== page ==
AMD is well known for its 2901 bit-slice processor of the 1970’s (being made well into the 1990’s), as well as the previously detailed AM29116 16-bit processor released in 1981. However, the 1980’s brought another AMD design as well, though not as complicated, it is no less interesting. In 1981, there was not a clear DSP (Digital Signal Processor) architecture, or really purpose built design. The Signetics 8X300 was well suited for such work, but was not inherently designed for it. DSP tasks were handled by other processors, or by completely custom designs. The AM29501 was not designed as a DSP, but it was marketed as a signal processor, at least for the first 5 years of manufacture. What the 29501 was, was a relatively fast, and pipelined, byte slice processor, basically a highly upgraded AM2901.
As the name suggests, the 29501 processes data 8-bits at a time, and as a slicer, it requires external program control (it lacks a PC (Program Counter) or sequencer). It has an 8-function ALU, and 6 sets of registers, which can be accessed independently, allowing for a pipelined architecture, multiple instructions may be issued before the first one is completed (as long as they don’t need the same resources). While the ALU is doing some addition, more data may be fetched, or output to one of the 3 8-bit buses. AMD designed the 29501 to be able to do advanced DSP work, and such work requires multiplication, which is something the ‘501 cannot do itself. The 29501, however, was explicitly designed to interface to the AM29516/7 16-bit multipliers. If a multiplication is needed the microprogram controller simply puts it on the multiplier bus and tells the 2951x to handle it. A fairly advanced system could be built by using a 29116 a 29516 as well as a 29501, building a complete pipelined DSP system. One of the first designs using the 29501 in such a way was a finger print recognition system, for matching images of fingerprints, a particularly intense DSP task for the 1980’s.
When released the 29501 was a 850 gate design, made on AMD’s 2 micron (2-layer Al) IMOX bipolar process and reaching speeds of 10MHz. This resulted in a fairly small die size of 41.4mm2. A later die shrink (the 29501A) to a 1.5 micron process reduced this to 21.6mm2, though documentation does not show that this resulted in a speed increase, at lease officially. The ‘501 was packages in a rather large ceramic 64-pin DIP, with an aluminum heat spreader, owing to the heat generated by the ECL circuitry. The large package was required as the instruction input took a full 29 pins,this was not a microcoded design, the 29-bit directly manipulated drivers and MUX’s to facilitate where the data went (the 2901 was similar, though only needed 9-lines for instructions.) For example, the ALU control required 10 lines of the instruction, 4 to determine the function, and 6 to to determine where the 2 operands came from.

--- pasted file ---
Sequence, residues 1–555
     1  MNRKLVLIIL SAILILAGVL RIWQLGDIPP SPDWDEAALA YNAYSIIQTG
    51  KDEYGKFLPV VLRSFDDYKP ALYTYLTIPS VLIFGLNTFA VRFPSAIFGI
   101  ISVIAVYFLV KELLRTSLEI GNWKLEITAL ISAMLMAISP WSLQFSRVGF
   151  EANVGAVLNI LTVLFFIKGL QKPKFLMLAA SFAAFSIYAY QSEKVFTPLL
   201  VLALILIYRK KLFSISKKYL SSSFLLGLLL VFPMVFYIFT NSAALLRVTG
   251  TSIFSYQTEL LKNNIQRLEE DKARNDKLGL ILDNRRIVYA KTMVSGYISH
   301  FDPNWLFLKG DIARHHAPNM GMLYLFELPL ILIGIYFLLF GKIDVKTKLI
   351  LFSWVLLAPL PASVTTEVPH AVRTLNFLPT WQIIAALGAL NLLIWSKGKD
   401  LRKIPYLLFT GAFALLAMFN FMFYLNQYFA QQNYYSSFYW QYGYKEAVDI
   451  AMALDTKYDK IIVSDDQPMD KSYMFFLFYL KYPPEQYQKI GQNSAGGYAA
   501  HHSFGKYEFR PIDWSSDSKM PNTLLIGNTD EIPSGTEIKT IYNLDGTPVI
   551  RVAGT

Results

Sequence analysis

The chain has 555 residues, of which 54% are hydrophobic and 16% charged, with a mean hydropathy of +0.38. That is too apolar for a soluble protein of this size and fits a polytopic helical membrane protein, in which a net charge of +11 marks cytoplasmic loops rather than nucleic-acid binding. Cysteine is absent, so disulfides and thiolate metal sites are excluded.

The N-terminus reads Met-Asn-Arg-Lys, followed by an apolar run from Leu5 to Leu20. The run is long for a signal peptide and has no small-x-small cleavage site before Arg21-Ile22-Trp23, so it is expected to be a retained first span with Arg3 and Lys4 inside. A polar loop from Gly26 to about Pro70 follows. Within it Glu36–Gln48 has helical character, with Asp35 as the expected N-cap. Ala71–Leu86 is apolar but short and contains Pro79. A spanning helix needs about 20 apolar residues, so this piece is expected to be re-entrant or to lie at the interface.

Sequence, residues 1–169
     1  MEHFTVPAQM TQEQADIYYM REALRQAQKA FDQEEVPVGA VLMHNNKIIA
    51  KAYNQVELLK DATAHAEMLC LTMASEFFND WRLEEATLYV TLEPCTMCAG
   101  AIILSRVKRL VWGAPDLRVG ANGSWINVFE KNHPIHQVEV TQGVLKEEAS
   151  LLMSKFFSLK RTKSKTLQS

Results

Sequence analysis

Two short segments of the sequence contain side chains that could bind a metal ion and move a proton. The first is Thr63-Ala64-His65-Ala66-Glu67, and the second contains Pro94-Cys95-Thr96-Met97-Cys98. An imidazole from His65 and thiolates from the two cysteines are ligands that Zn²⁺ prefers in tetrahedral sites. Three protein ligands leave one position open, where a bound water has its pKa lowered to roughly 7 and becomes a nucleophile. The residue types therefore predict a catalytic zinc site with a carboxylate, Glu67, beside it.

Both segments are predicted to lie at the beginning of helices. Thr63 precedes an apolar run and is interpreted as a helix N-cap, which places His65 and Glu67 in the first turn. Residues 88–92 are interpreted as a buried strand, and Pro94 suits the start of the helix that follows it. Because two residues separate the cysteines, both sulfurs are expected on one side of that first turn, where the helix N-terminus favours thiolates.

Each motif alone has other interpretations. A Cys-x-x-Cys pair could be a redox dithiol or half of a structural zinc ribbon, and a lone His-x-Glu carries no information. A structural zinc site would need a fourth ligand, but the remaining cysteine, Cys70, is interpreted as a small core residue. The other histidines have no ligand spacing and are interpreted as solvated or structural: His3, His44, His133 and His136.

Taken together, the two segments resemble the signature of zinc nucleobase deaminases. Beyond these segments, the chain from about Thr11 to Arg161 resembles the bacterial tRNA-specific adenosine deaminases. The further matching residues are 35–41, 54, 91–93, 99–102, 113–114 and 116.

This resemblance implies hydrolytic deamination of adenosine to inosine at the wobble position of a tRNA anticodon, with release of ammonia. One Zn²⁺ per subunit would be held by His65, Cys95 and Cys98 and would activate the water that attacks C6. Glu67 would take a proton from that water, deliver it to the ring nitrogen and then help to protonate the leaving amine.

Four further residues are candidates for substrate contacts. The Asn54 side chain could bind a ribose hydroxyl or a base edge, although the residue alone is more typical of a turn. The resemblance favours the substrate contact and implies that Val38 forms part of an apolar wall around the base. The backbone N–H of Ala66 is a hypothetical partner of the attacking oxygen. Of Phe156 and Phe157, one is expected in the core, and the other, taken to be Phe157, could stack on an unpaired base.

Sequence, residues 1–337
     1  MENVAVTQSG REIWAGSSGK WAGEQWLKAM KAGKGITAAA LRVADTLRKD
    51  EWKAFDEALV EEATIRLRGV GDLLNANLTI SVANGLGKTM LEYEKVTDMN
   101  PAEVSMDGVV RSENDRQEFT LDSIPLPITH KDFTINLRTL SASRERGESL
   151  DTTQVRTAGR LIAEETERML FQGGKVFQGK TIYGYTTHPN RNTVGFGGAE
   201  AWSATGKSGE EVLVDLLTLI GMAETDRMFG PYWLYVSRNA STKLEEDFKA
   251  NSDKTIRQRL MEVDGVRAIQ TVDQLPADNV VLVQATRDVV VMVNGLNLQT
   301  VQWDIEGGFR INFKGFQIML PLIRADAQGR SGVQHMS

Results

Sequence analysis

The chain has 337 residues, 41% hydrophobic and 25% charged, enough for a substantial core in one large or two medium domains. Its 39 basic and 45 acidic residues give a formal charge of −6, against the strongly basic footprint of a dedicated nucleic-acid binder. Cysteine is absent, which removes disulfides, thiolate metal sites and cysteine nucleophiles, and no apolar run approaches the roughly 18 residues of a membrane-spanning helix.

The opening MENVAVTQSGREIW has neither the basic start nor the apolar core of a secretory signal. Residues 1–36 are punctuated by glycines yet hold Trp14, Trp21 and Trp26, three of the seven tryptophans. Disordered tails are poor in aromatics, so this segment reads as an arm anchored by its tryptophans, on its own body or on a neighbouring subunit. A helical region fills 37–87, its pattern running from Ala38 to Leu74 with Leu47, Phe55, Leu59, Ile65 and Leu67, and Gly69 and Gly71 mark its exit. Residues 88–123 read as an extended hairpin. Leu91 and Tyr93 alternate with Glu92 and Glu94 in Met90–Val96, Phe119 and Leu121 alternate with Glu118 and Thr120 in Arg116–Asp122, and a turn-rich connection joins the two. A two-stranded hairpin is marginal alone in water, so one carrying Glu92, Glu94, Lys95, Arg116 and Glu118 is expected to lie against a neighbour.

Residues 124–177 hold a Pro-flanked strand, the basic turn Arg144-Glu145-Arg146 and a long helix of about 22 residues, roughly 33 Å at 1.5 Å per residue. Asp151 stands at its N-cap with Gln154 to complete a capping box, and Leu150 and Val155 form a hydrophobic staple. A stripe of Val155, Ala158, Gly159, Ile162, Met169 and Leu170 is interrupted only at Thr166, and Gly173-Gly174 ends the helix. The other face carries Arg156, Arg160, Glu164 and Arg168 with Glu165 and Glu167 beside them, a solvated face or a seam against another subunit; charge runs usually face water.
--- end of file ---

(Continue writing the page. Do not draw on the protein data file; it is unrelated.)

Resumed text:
The 29501 enjoyed fairly wide use but was soon eclipsed by purpose built DSPs. By the late 1980’s (and with the introduction of the 29501A) AMD shifted marketing the 501 as a DSP, and more to a general processor, or parallel processor (such designs were also useful in vector operations). In 1986 LSI converted the 29501 into a megafunction for use in customers ASIC and gate array designs, named the CFA5010A. This was allowed the functionality of the 501 (and other building blocks) to be dropped into custom designs. This was later enhanced in 1990 as the CFA5012B which added some additional functionality. It is in these custom designs that the ‘501 likely enjoyed its widest success, taking only a few hundred gates, it could be added to most any array of the time.